If you have an already established group of readers, you will probably have a schedule and time set up already.  If you are going to work within a political party structure or at a community site, I can tell you what time frame and monthly calendar seems to work best.  I have learned by trial and error in this regard, and this is what I would go with.  I have seen weekend groups work well, but I try to stick with week days. 

But you have to think of yourself too.  These books are not “beach reads”, to be honest.  Can you keep up the pace of reading a political book every 7-10 weeks?  As you set up a schedule, it is OK to think of yourself first.  You might want to go with a three or four book series.

     The readers I have worked with, despite the best intentions, find it difficult to read a challenging book in the summer and in the busy holiday time from the week of Thanksgiving through the celebrations of the New Year.  This five book annual schedule works well for me, and I introduced the starter book in the spring:

• Mid-Late September

• Mid-November

• Late January

• Late March

• Mid-May

Not everyone will come every time, of course, but these are the months which will have the best attendance.

     If you are operating out of a political party office or some other community site (ex. library, school/college classroom, senior center,  others) you are going to attract readers who work during the day as well as those who are interested, but only if the book group meets in the daytime.  I knew I would need to offer a daytime and an evening group to reach all of those eager participants.  I schedule them in the same (busy!) week, but it also gives you a good stretch of preparation time to prepare for the next book discussion.  The times you originally set up may change with group input, as mine did, but these time slots seem to work best:

Daytime – 1:00-2:30 (Get some home before the schoolkids arrive and others before rush hour traffic)

Evening – 6:15-7:45 (Time for some to grab a quick bite to eat and get home early enough to relax)

How can I get a sponsor to support my efforts to start a book group?


Make a written appeal first (See the Template for the Proposal to a Sponsor). This gives the chairperson time to read over the proposal and run it by a few others. If you haven’t heard back in a week or two, call the office. In the proposal, I offered to come to any meetings to explain further and that was important. I was invited to an Open House and chatted with people about the idea and got about 20 interested people to sign up. I planned to attend a Board meeting as well, but it got snowed out. We are in New England! Mention of the group in follow- up party newsletters occurred and our group is now at 35 members and growing. You could also mention this blogsite if the Party leaders wish to see information on a group that is up and running.

     Do not give up if the Party Office is not interested. Try Party-affiliated groups like Indivisible, or try a neighboring county, or get a few friends and neighbors to join you. A group of 2 or 3 people can have a great conversation. Or you can even pour yourself a beverage of choice, settle in with a political book and perhaps even keep a journal on your thoughts. A very personal and satisfying venture into politics.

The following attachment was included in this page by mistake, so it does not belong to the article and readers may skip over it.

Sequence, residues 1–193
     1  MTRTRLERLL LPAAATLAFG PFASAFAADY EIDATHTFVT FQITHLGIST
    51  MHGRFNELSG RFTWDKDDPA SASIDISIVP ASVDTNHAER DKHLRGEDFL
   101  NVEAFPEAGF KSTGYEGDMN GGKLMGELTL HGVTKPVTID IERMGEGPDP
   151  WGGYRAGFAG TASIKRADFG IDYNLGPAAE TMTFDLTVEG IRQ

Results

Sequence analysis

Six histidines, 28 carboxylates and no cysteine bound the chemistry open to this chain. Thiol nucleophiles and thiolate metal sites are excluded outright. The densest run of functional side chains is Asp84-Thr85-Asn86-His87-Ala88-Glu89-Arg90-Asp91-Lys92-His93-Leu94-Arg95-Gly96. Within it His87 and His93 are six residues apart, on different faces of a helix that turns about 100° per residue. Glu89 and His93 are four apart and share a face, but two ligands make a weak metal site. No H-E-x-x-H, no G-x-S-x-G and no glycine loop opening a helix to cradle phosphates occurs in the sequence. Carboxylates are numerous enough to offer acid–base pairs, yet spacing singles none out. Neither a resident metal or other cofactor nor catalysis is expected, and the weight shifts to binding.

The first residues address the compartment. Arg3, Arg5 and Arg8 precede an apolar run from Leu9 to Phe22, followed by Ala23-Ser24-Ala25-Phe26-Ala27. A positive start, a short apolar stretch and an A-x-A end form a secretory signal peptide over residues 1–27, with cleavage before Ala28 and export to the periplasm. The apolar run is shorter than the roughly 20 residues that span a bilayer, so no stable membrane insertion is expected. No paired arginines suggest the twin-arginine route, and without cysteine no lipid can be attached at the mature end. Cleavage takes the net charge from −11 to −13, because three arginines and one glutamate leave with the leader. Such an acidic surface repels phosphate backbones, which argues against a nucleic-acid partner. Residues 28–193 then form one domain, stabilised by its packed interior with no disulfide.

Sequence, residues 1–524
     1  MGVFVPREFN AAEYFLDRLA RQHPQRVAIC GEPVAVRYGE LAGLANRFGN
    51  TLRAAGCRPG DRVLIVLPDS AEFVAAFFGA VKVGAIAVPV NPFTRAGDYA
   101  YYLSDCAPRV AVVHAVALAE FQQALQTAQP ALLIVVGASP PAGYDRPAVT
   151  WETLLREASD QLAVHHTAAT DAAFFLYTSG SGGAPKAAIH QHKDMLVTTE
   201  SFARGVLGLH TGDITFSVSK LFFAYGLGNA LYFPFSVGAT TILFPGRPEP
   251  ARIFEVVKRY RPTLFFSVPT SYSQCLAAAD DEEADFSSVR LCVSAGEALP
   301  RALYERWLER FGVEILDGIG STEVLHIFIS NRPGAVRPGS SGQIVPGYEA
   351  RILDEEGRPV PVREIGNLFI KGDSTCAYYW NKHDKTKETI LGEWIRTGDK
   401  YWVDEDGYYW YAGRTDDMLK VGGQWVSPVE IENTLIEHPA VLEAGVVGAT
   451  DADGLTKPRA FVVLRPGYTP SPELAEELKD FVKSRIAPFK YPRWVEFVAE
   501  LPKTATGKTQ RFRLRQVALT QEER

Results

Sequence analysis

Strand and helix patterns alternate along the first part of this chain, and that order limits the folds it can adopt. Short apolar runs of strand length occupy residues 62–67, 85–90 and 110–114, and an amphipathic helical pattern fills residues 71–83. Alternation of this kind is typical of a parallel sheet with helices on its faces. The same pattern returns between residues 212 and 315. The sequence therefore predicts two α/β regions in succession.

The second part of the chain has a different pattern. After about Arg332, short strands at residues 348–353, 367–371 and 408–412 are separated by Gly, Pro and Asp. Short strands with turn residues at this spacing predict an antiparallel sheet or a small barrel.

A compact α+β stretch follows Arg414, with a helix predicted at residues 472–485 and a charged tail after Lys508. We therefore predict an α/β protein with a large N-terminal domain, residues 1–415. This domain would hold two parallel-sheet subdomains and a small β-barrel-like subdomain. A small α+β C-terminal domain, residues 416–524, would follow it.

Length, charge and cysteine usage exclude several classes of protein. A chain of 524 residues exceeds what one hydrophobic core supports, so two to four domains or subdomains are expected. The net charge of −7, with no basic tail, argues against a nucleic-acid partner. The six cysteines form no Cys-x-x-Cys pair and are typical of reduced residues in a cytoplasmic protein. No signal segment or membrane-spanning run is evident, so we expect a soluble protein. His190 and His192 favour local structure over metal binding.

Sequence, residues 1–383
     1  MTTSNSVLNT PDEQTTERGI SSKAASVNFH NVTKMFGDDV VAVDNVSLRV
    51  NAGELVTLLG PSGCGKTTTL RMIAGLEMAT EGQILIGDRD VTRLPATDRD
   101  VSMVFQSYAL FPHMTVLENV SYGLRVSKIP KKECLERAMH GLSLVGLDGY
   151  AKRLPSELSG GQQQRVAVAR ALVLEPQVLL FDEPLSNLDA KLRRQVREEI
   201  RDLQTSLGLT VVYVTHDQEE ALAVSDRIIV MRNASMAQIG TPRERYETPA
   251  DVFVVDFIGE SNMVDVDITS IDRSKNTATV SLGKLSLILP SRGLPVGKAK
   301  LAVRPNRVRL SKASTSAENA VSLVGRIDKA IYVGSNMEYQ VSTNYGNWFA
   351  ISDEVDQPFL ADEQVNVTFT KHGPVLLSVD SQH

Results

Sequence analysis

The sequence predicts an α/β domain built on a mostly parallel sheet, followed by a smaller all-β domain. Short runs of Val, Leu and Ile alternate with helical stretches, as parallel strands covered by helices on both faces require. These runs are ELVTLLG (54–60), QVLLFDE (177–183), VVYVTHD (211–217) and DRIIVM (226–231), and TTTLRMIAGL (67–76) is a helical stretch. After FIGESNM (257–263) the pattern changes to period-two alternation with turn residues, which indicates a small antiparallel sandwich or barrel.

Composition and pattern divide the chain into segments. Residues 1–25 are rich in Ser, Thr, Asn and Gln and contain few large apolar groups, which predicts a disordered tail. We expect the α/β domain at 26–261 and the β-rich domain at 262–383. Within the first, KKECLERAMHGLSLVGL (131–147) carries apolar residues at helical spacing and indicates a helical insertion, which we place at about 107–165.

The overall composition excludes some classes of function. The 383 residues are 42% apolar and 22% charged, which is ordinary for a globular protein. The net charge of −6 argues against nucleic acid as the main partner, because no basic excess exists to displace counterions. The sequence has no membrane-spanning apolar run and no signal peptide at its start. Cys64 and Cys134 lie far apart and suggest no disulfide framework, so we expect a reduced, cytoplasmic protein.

Where can I host these meetings?

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      If you are already working with a small group of known participants, or are going to pull together such a group, you may be planning to have meetings at each others' homes. Your meeting locales are easily arranged. You can skip the next paragraphs in this section.

     I would encourage many of you to think beyond the home book group model and go with one aligned with your own political party headquarters or affiliate groups. For one thing, many home book groups actually want to avoid political books, because their members/friends have quite diverse political views and discussion can get uncomfortable.  If you go with a model based in a political party culture, participants will be somewhat like-minded, though discussions can still get spirited.  Also, there are many people, outside your group of friends and acquaintances, who want to squeeze political books into their busy schedule because they have come to realize how important it is to be informed. So, instead of recruiting friends for my book group, I first proposed my idea to run it through my county’s Democratic Party, because I have mostly been an Independent voter, leaning Democratic.  Everything went well from the beginning. 

     There are advantages of running a book group out of a local party headquarters. They probably have meeting space and a ready-made mailing list to provide publicity. Fortunately for our group, the leaders liked the idea and have been extremely supportive with both. Good publicity and a room for the meetings - just what you need. I think it will continue to be a great partnership.

     Already established political groups in your area (such as Indivisible) are also a possibility, and could perhaps give you some publicity with their members. Party headquarters might be able to help get you in touch with leaders of existing auxiliary groups.